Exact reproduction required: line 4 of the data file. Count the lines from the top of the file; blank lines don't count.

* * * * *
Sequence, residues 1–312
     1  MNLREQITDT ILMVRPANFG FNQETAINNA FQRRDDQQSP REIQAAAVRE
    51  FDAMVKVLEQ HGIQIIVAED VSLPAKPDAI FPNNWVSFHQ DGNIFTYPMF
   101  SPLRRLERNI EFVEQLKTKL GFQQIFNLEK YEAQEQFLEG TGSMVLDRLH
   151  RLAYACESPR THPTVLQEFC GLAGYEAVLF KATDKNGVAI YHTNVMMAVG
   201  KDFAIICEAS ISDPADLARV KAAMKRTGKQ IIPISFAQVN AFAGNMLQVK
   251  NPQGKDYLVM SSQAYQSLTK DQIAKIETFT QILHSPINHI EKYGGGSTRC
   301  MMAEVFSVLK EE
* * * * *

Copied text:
   101  SPLRRLERNI EFVEQLKTKL GFQQIFNLEK YEAQEQFLEG TGSMVLDRLH